Feature

White as Snow

A prodigal comes home in Mongolia

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My first encounter with the woman wasn’t pleasant.

I did not feel well from an overnight train ride in Mongolia, so I sat on a large cement block on the ground across from the Zaminwood Sarang Church, where I was helping lead a seminar. But instead of resting, I began to be annoyed by cigarette smoke blowing in my face. I looked around and found two women smoking at the other end of the cement slab.

They probably had not washed their faces and clothes for a long time. It was still early in the morning, but they were already quite drunk. I gave them an angry look, but they did not care. That made me even more annoyed.

I stood up and moved two steps away, as far as I could and still remain in the shade. Zaminwood, a southern border city, is built in the Gobi Desert; even in the morning, it is too hot to stay out in the sun. While I was watching, the women lay down one by one on the dusty ground, which was covered with human excrement and vomit, and dozed off.

According to Toksha, a church member, these two women were among seven alcoholics who lived in a shed across the street from the church. Somehow they managed to prepare food to sell at the crowded railroad station, which is probably how they could afford liquor and cigarettes. The church had reached out to them with fresh food and soft drinks, and as a result, several were saved from their addiction and joined the church. But others had resisted help.

My second encounter with the woman came with a miracle.

We were having a short break during the second day of the seminar when I heard my wife crying out in a desperate voice. Alarmed, I ran toward the sound. I found my wife and an Alliance international worker, “Y,” in the dark shed, holding one of the “smoking women” and praying for her healing and salvation.

They had found her there weeping because of severe pain in her legs. The room, full of stench and garbage, wasn’t any bigger than seven feet by twelve feet. In the stove, plastic bottles were burning with other garbage. In that small room, the seven alcoholics huddled together, almost unconscious. The dreadful condition of the people made my wife and Y cry out to God.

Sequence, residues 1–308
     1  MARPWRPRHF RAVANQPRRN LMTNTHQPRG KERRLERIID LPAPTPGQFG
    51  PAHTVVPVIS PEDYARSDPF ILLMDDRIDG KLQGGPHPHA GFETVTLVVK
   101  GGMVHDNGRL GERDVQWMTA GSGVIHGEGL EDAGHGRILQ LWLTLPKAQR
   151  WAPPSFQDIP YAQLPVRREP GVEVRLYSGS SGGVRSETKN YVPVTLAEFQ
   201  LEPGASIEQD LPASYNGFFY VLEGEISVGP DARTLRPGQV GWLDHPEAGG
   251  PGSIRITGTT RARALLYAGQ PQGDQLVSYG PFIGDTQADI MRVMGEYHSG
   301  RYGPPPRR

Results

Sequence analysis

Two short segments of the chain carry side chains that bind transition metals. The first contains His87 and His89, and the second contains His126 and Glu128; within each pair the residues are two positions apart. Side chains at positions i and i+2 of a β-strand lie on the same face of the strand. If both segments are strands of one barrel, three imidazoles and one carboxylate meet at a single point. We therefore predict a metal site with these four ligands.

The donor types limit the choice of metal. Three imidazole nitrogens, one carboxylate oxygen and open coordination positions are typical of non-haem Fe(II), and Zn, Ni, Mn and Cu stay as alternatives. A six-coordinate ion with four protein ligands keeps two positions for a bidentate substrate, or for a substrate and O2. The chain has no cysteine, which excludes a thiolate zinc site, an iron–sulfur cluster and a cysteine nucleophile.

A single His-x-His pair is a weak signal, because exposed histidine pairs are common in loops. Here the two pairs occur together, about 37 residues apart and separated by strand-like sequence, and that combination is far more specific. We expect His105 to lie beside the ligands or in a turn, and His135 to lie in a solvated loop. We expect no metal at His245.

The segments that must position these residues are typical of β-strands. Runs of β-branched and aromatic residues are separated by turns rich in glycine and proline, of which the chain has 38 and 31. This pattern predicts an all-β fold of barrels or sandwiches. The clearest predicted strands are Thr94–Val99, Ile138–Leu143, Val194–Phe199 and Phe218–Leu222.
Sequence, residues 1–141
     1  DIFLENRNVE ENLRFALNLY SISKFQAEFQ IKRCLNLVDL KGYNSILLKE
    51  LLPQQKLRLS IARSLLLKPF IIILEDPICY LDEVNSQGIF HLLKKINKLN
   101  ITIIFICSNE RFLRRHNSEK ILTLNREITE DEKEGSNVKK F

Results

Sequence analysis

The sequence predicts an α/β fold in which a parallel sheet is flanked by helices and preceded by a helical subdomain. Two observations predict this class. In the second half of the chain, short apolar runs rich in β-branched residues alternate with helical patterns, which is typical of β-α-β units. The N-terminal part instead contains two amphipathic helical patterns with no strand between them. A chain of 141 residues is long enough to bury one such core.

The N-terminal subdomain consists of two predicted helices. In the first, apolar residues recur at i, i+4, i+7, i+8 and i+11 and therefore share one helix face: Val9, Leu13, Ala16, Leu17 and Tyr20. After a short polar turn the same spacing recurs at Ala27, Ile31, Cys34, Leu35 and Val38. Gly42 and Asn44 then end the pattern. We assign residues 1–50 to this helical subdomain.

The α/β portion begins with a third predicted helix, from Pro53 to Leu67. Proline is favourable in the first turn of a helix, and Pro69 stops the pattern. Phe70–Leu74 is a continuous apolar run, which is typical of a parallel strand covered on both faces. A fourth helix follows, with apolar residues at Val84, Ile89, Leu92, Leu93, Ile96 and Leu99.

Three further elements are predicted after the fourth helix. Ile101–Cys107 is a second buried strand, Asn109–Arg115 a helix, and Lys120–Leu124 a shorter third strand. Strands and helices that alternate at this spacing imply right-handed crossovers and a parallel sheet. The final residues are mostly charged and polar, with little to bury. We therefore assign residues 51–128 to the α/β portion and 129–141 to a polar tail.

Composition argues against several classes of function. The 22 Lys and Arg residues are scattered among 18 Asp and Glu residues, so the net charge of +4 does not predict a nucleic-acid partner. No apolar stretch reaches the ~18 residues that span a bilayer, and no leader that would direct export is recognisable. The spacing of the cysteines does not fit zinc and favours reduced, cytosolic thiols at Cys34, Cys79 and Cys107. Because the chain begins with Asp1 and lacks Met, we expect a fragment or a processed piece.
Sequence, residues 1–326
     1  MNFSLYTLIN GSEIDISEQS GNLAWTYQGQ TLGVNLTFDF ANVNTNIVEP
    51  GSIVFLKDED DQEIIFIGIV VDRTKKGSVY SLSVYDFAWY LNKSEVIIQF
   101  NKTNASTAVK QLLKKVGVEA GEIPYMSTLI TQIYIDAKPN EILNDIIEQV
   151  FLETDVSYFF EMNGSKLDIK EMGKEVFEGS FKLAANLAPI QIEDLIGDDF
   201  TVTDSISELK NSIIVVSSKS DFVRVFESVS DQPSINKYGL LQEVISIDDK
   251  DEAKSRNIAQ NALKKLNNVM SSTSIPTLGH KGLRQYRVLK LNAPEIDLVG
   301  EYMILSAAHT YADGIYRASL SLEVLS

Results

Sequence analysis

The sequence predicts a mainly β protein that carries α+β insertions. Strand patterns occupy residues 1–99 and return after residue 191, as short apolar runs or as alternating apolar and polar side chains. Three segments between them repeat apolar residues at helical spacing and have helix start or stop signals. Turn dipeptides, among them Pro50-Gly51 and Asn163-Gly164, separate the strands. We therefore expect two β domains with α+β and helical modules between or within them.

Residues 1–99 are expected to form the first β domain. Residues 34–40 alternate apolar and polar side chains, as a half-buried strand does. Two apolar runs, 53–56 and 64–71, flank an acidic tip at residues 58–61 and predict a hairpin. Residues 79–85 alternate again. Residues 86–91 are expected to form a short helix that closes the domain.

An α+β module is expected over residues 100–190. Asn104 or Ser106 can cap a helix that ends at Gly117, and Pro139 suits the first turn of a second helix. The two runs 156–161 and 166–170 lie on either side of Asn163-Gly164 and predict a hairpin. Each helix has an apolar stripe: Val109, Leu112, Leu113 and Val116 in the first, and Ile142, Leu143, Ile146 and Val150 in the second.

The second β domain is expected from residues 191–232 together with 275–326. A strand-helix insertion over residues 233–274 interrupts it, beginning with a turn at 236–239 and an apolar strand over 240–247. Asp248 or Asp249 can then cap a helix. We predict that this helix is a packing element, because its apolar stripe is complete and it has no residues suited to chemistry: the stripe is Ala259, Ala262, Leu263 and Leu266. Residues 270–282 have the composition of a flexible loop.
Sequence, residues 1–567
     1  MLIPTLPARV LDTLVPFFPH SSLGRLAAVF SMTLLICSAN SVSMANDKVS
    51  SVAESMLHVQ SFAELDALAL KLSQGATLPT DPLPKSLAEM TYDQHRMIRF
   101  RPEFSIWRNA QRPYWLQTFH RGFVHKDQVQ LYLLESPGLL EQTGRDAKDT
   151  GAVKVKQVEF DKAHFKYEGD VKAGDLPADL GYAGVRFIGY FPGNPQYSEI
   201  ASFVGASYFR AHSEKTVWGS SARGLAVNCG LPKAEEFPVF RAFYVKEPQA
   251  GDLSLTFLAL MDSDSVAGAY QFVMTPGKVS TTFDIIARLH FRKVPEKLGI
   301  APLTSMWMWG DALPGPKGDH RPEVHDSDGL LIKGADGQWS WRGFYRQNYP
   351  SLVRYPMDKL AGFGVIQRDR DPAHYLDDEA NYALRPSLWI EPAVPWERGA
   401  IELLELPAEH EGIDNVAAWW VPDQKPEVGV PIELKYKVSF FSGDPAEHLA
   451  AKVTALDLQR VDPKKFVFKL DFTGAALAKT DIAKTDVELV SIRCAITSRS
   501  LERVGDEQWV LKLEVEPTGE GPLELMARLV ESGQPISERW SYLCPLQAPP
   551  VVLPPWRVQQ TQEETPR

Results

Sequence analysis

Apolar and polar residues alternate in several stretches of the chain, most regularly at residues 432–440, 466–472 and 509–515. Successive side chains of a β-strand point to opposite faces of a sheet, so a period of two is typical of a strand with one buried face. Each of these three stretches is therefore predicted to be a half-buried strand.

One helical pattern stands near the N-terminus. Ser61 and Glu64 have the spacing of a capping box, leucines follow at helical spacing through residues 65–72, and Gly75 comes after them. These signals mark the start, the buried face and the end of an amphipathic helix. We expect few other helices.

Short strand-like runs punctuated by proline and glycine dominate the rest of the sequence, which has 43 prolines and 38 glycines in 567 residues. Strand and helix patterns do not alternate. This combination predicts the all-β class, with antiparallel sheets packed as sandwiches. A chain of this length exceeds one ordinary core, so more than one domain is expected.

Something happened at that moment. God touched the woman’s body and heart with His hands; she was healed instantly. After that, she stuck with my wife and showed up at the evening service we held in another church. Entering the building despite the people’s frowning looks, the healed woman jubilantly said to my wife “Saeng” like a little girl speaking to her mom. What she meant was “I feel no pain now.”

That was my third meeting with her. Unlike the two other encounters, she was sober and relatively clean. She must have washed her hands and face before coming. She clapped and sang praises to the Lord and promised to stop drinking.

That evening, we were scheduled to have a baptismal service for three members of Zaminwood Sarang Church. We had almost finished baptizing the last person when the woman burst into the room, demanding that we baptize her.

We were not sure what to do. First, she didn’t look sober. I have never heard of anyone being baptized while under the influence of alcohol. Second, she had not attended the preparation class for baptism. My reluctance gave in to her desperate attitude. She was in tears. What prompted me most to baptize her, however, was what Jesus exhorted us: “See that you do not despise one of these little ones. For I tell you that their angels in heaven always see the face of my Father in heaven” (Matt. 18:10).

Before the baptism, Y asked her, “Tani ner hin bae” (“What is your name?”)

“Binechagang,” she bashfully answered.

Binechagang means “very white” in Mongolian, but her face absolutely betrayed her name, reflecting years of addiction and malnourishment. That is why she felt embarrassed.

But, oh, how glad she was after her baptism. She ran to my wife and hugged and kissed her. “Binechagang,” I told her, “your heart now became white as snow by the grace of Jesus Christ.”

She gave me a beautiful smile. May I never forget the scene! Though she looked dirty and dark outwardly, she shone like an angel. She was like a prodigal child who found salvation in her Father’s bosom.

We discovered later that Binechagang had escaped from her wife-beating husband nine years earlier. (Domestic violence is widespread in Mongolia.) While on the street, she began drinking heavily and was taken to a treatment facility in Ulaanbaatar, Mongolia’s capital. But she escaped and ended up in Zaminwood.

Five months after her baptism, Binechagang, 43 years old, went to be with the Lord. I wonder what would have happened if my wife and Y had not visited the shed and prayed for her healing that day.

When we planned this trip, we did not know what was in store for us, but each day brought surprises. It seemed that God had prepared a special feast for us. Every service had a special testimony of people who accepted the Lord as their Savior after rejecting attempts by local Christians. Binechagang was one of those who had resisted.

In Mongolia, we have wonderful teamwork between Alliance international workers and local church leaders. Each has its own part, but God set aside an important ministry for us, the short-term team. “Those who are wise will shine like the brightness of the heavens, and those who lead many to righteousness, like the stars for ever and ever” (Dan. 12:3).

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